Winners Announced in 2012 National Writing Contest
Sept. 7, 2012 by Greg Livadas Follow Greg Livadas on TwitterFollow RITNEWS on Twitter
A story of traveling back through time, a description of soaring in a glider and a student’s passion for reading and writing were among the winners in RIT’s SpiRIT Writing Contest for deaf or hard-of-hearing high school students, sponsored by Rochester Institute of Technology’s National Technical Institute for the Deaf.
Dozens of entries were received from across the country.
The winners had the option of a $500 prize or, if they were in 10th or 11th grade, a scholarship and travel expenses to RIT’s Explore Your Future career exploration camp on the Rochester, N.Y. campus. EYF is a six-day program that offers deaf and hard-of-hearing students opportunities to sample different careers and college life.
The winners are:
12th grade, first place: Kelly Reed, from Whitesboro High School, Marcy, N.Y. Her entry, “Mary Shelly’s Nightmare Revealed: The Hidden Life of a Dreamer,” compared Freud’s theory with Frankenstein. She points out how dreams may be transferred into conscious thoughts and writing.
12th grade, second place: Malinda Jorgensen, from Grandview Park Baptist School, Des Moines, Iowa. Her entry, “Atticus and the Typewriter,” is a creative fiction story set in 2050, when a boy named Atticus finds a typewriter that takes him back in time.
11th grade, first place: Eric Epstein, of Tucson, Ariz., who attended the Model Secondary School in Washington, D.C. His entry, “Reins on Language,” is about his passion for reading and writing as a useful tool to communicate with others. “I view writing not as a door, but as a journey,” he says.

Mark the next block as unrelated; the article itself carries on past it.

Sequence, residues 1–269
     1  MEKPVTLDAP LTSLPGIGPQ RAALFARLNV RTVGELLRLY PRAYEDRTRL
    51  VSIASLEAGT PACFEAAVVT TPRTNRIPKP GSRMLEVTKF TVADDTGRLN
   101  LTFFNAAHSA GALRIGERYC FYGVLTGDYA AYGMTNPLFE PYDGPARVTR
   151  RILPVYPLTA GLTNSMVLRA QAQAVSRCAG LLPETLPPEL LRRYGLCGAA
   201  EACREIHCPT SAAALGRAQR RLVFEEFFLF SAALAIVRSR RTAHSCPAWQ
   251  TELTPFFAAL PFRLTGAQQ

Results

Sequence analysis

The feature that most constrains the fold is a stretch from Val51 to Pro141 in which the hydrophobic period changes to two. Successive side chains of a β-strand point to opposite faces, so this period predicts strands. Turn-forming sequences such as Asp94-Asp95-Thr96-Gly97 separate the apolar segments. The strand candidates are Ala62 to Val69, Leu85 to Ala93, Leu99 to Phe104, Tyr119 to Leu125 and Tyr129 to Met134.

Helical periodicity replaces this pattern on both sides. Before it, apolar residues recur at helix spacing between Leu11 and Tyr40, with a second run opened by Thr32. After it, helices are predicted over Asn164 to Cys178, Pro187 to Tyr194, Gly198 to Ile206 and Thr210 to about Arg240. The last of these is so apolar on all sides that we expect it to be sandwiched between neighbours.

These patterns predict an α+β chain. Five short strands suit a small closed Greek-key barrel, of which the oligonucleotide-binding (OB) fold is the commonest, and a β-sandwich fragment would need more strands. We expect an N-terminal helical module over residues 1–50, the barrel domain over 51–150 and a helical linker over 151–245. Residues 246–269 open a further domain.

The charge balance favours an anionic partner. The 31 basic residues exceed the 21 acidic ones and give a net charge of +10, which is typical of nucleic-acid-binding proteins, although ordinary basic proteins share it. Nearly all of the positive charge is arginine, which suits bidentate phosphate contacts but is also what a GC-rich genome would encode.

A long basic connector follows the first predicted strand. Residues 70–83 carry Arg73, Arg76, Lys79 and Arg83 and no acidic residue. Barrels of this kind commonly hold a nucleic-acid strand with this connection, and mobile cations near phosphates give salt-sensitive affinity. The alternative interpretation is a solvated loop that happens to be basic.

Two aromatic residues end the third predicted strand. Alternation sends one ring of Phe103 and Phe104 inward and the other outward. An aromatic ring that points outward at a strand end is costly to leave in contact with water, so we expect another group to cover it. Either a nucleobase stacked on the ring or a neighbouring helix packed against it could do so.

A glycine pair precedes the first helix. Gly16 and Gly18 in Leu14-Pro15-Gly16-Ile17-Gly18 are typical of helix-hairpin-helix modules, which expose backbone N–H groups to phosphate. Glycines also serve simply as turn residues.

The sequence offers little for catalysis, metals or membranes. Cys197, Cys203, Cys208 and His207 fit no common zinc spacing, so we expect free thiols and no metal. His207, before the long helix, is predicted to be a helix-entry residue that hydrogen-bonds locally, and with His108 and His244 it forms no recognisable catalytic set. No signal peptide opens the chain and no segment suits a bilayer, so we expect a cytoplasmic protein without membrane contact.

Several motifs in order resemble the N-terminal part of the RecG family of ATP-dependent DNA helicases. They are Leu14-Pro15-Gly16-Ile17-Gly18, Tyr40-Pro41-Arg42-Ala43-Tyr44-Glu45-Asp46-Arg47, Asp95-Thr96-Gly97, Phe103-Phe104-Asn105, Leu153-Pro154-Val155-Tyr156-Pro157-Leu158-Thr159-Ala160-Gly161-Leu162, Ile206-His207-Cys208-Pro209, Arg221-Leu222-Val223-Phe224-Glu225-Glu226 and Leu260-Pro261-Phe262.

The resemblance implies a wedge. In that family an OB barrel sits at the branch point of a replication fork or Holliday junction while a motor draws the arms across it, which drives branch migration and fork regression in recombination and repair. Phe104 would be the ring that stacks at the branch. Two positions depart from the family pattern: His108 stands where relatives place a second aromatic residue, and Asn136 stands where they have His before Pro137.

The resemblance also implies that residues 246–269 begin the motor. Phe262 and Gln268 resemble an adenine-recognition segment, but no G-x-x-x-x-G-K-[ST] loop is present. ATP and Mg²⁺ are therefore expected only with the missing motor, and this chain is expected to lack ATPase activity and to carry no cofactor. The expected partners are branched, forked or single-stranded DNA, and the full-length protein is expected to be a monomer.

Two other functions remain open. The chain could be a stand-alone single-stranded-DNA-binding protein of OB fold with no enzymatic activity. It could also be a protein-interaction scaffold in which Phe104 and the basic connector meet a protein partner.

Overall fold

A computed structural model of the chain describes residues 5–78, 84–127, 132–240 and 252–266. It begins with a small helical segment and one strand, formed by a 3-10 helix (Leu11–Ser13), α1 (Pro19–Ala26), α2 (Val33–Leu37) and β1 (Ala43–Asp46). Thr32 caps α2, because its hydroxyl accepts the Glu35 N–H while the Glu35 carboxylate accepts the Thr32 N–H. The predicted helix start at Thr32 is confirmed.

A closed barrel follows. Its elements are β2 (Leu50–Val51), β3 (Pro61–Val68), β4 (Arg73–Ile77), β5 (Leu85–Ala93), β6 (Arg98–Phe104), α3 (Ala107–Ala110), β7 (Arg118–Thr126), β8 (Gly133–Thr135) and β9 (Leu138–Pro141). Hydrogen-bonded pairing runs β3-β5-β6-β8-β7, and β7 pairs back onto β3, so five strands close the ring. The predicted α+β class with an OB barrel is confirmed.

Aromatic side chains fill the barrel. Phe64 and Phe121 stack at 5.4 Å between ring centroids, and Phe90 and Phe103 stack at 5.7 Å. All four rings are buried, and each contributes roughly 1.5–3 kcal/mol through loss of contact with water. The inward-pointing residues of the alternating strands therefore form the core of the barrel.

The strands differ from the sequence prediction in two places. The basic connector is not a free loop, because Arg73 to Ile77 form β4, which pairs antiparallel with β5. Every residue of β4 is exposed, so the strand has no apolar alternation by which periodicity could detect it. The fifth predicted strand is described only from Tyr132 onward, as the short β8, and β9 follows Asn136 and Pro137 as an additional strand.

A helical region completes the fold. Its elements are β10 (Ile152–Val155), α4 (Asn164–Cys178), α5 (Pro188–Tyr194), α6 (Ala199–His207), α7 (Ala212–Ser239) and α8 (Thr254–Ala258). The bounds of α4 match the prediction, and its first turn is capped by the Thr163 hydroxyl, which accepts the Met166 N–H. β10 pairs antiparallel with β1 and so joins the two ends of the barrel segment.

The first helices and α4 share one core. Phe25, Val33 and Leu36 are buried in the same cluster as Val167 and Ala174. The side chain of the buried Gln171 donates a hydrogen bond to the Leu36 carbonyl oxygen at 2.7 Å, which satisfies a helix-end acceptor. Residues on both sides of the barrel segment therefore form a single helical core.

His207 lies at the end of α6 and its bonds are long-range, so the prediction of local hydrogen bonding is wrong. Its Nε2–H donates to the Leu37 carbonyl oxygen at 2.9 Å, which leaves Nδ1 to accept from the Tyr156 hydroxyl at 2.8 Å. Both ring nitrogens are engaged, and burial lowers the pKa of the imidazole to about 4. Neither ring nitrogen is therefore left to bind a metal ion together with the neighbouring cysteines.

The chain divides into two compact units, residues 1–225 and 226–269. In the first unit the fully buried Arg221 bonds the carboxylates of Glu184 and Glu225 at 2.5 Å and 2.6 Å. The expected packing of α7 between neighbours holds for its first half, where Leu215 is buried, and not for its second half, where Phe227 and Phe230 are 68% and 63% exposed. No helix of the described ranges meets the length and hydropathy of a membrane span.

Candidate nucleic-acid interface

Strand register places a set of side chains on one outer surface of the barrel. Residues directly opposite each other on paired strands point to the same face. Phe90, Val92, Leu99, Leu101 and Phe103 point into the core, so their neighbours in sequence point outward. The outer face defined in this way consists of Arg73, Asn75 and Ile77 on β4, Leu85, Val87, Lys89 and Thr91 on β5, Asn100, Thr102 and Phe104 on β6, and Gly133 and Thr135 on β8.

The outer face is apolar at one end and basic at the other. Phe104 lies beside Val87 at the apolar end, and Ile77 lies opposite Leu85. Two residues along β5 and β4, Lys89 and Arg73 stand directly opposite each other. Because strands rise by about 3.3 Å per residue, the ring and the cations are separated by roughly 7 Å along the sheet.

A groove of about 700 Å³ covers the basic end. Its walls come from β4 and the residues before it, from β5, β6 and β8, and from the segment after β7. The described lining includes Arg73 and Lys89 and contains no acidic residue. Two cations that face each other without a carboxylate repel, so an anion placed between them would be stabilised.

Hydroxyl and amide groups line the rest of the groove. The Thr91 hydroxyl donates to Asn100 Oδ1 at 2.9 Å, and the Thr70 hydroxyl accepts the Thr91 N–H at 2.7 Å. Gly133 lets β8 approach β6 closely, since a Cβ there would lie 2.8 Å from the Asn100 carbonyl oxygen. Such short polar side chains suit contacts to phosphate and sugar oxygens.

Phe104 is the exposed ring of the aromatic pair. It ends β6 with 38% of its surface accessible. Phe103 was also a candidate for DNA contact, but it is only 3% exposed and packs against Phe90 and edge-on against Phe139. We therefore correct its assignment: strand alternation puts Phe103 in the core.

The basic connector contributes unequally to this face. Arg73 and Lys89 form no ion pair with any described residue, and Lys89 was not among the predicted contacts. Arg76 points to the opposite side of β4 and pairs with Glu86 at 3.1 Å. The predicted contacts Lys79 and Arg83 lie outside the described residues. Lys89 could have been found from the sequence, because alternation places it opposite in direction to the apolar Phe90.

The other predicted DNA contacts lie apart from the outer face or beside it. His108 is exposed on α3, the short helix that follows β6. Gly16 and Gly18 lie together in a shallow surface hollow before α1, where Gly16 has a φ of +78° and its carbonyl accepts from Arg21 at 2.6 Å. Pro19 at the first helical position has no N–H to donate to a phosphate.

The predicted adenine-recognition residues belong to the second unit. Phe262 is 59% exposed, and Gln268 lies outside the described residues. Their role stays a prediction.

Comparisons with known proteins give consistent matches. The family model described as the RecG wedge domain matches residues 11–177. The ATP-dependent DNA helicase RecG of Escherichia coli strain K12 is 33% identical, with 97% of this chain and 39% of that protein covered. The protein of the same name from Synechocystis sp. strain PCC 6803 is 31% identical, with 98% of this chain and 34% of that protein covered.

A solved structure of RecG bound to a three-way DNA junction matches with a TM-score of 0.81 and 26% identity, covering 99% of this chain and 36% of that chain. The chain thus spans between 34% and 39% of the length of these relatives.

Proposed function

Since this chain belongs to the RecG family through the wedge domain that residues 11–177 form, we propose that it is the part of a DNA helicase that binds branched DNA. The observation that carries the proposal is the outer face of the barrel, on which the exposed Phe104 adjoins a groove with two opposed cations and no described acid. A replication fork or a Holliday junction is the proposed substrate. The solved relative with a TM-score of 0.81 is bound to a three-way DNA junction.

11th grade, second place: Benjamin M. Reiser, from Staples High School, Westport, Conn. His entry, “Politics, Pundits and the Press: Bias in American Media” described the history and progression of media in reporting political coverage.
10th grade, first place: Veronica Zieba, from the Walter G. O’Connell Copiague High School in Copiague, N.Y. Her entry, “I am who I am,” describes the metamorphosis of growing up from a baby to a teenager, and her process of discovering her hearing loss and the reaction of her parents and surrounding community.
10th grade, second place: Alexander Moore, from Dansville High School, Dansville, N.Y. His entry describes the process of flying in a glider and giving him the much-needed freedom associated with aviation and the return to rules and society with “bumps on the runway.”